Pick material under mouse cursor

Hey, I’m really new to python, but I would like to make a little script and need some tips, where I should start and if it is possible at all.

Sometimes its really difficult to find the right material of an object with more than 10 materials.

One way is to go to edit mode and select the polys of the material selection, but sometimes you have to iterate through all materials to find the right one. Another way is to separate the object by material and then select the object with the desired material. But you have to rejoin the meshes after.

My plan is to make a script, which will select the material below the mouse cursor if some hotkey is pressed. Almost something like an eyedropper.

Are there any functions in python that could help with this task?

My thoughts are, that something like this could be an approach to find the material.

1 Trace a ray from the mouse position and project it on to the mesh
(Would VBH a good way to calculate this efficiently or is the VBH generation to slow?
the same goes for KDtrees I think)

2 Calculate the nearest vertex to the vector where the ray is intersecting the mesh

3 Get the applied material from the selected vertex

Thanks for every help and tips :slight_smile:

1 Like

So ok, after some research I found out, that the sharerslot of the selected face is also selected automatically… Works only in editmode, but should do the trick for most of the cases. :smiley:

Strange that I never noticed that after over 2 years of daily blender usage

BVH is probably only useful if you plan on eyedropping a specific object. If you want raycast to work with any arbitrary object in the scene, you might need to use scene.ray_cast(). It’s about 8 times slower (still in the milliseconds), but for the purpose of checking one face, once, it’s likely more than fast enough.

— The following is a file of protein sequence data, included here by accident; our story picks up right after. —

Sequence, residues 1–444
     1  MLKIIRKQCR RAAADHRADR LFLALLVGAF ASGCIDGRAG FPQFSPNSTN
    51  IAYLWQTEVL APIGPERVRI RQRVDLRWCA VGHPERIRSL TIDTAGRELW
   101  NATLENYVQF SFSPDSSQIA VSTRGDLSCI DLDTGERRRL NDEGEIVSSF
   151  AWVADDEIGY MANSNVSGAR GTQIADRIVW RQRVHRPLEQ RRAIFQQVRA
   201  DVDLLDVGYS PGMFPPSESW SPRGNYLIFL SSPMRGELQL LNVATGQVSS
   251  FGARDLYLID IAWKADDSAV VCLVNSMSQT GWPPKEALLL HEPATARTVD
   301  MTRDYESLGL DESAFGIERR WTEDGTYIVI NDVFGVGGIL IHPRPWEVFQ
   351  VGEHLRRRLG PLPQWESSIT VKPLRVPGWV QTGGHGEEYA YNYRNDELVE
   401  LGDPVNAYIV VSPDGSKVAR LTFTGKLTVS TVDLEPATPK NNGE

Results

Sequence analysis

With scene.ray_cast(), the return values include face index and the object, which is enough to determine the material.

Suppose you get the return values from a raycast:

  • find the material index using obj.data.polygons[face_index].material_index
  • lookup the material using obj.material_slots.find(material_index)

Edit: I should add that this would be for object mode!

1 Like

Thank you so much, worked so far.

The only problem is, that the face index has an out of index when modifiers are used, so the face index is higher than the number of faces of the base mesh.

Is there a workaround to check the generated polys for their applied material? Is bgl maybe the right direction I have to look?

Which I also wanted to ask, is there a way to improve my script?

import bpy
from bpy_extras import view3d_utils


def main(context, event):
    # get the context arguments
    scene = context.scene
    region = context.region
    rv3d = context.region_data
    coord = event.mouse_region_x, event.mouse_region_y
    scene = bpy.context.scene 
    viewlayer = bpy.context.view_layer

    # get the ray from the viewport and mouse
    view_vector = view3d_utils.region_2d_to_vector_3d(region, rv3d, coord)
    ray_origin = view3d_utils.region_2d_to_origin_3d(region, rv3d, coord)
    ray_target = ray_origin + (view_vector *-10)
    ray_goal = ray_origin + (view_vector *1000)

    rayresult = scene.ray_cast(viewlayer, ray_target, ray_goal)

    print (rayresult)
    print (ray_goal)
    print (ray_target)

    # get and select object
    obj = rayresult[4]   
    bpy.ops.object.select_all(action='DESELECT')
    context.view_layer.objects.active = obj

    # select material slot
    MatInd = obj.data.polygons[rayresult[3]].material_index
    bpy.context.object.active_material_index = MatInd


class MaterialPicker(bpy.types.Operator):
    bl_idname = "view3d.material_picker"